Today, let’s talk about the elephant in the room of modernity (which is more like the size of a mouse), the cell phone. We all seem to have them and we can’t deny the integral part they play in each of our lives. They can be wonderful devices for communication, socialization, and an endless barrage of useful information. I’m not going to list all of the benefits and potentials of such devices because the list would be far too long, but suffice it to say that we can barely function without them in our modern societies. However, this isn’t to say that this technology doesn’t come with a dark side when used in a certain way, and that’s what I would like to talk about today.
Cell phones and the adjacent technologies of the internet, social media, and endless other applications have only been around for the majority of the public for a little over ten years now. They have completely consumed our culture and affected almost every facet of the ways in which we socialize and conduct ourselves. I think that we haven’t really caught up to what exactly this technology, this capability, can do to our brains but the latest research in neuroscience and psychology are starting to shed some light on how they can affect our brains. Like anything, cell phones have the potential to be abused and used in ways that are less than beneficial to the individual. In this case, I am talking about cell phone addiction.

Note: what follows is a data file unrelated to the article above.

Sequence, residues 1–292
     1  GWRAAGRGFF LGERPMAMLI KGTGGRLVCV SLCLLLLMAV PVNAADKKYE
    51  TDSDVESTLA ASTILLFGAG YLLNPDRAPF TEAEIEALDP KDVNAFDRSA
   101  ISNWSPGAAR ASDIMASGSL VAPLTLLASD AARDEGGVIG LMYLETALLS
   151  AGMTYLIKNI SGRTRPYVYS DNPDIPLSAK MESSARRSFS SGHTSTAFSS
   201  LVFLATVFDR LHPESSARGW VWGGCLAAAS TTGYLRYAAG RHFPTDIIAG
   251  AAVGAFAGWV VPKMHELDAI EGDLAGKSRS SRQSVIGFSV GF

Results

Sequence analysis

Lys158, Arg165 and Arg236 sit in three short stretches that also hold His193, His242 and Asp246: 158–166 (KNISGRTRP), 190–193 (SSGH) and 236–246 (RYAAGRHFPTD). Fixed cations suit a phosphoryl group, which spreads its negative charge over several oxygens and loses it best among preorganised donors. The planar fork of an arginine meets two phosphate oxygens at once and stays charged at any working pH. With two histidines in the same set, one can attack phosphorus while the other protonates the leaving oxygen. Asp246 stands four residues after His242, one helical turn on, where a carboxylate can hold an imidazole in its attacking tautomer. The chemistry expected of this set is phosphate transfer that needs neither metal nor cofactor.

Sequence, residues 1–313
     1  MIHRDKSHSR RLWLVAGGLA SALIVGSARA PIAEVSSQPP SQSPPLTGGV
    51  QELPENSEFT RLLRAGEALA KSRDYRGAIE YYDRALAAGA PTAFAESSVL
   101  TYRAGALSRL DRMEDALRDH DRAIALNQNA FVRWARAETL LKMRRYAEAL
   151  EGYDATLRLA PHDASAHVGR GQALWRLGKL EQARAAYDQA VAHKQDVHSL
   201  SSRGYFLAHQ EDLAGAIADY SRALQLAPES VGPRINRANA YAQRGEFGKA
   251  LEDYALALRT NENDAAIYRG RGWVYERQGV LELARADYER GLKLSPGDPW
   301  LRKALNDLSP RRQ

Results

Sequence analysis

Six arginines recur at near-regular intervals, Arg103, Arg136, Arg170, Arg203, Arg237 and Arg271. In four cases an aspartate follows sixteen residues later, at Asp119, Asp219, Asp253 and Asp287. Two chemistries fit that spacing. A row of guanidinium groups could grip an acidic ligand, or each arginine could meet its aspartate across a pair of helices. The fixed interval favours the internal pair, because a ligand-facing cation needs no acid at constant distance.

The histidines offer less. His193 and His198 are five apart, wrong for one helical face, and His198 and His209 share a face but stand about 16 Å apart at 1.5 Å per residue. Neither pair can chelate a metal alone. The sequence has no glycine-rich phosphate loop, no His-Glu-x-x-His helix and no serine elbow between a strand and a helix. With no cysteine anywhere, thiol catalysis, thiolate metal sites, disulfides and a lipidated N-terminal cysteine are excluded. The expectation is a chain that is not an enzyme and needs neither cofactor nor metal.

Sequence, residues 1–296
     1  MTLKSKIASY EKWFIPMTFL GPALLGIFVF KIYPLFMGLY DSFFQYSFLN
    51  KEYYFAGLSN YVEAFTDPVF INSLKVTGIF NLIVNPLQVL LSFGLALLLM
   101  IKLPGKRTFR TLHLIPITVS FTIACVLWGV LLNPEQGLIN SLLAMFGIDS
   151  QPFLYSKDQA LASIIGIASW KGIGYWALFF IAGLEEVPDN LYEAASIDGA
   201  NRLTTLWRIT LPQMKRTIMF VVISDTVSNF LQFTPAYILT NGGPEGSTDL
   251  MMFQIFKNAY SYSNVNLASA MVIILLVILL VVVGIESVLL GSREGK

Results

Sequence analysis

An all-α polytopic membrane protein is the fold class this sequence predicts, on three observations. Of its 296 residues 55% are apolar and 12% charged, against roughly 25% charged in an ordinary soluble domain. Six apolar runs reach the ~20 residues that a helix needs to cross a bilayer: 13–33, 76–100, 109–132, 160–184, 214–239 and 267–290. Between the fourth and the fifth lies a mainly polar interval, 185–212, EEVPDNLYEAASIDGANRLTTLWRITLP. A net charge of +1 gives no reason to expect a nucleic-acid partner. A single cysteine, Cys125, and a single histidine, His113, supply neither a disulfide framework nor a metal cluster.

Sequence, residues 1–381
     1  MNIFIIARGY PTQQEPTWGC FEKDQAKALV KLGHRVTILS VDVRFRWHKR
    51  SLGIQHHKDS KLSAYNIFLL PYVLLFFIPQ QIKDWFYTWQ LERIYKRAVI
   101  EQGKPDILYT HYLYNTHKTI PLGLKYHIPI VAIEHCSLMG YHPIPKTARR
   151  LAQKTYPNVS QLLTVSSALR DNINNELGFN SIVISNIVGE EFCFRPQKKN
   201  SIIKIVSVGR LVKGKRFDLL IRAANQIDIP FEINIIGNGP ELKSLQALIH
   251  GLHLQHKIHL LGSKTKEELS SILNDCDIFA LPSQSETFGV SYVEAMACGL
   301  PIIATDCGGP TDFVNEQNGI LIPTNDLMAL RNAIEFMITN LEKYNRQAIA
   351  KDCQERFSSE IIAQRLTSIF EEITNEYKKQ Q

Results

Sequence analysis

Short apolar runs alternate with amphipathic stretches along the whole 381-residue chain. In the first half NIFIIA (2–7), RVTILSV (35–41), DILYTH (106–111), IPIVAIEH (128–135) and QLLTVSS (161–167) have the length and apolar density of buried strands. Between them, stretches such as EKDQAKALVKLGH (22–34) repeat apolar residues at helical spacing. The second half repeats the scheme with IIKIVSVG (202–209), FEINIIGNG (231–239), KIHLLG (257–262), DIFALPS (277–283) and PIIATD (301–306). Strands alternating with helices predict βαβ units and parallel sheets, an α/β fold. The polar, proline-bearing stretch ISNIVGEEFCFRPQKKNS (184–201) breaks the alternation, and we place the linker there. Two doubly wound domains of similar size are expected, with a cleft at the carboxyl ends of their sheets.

The constant need to check Facebook, check Instagram, check Reddit, browse the web, play games, and check emails, all of these are symptoms of a deeper issue. What many of us haven’t realized is that these devices can’t just be abused, they can actually be physically addicting. The thing about instant distraction, instant validation through likes and shares is that these things actually release a surge of dopamine in the brain not unlike when someone takes cocaine or watches porn. We tend to be limited in our understandings of addiction, contributing them to things like drugs, sex, and pornography but addiction is a chemical phenomenon happening in the brain. What we are really chasing when we are addicted is that surge of dopamine, the feel-good chemical. And just like drugs, a cell phone can manipulate the brain in the same ways if not used in a healthy fashion.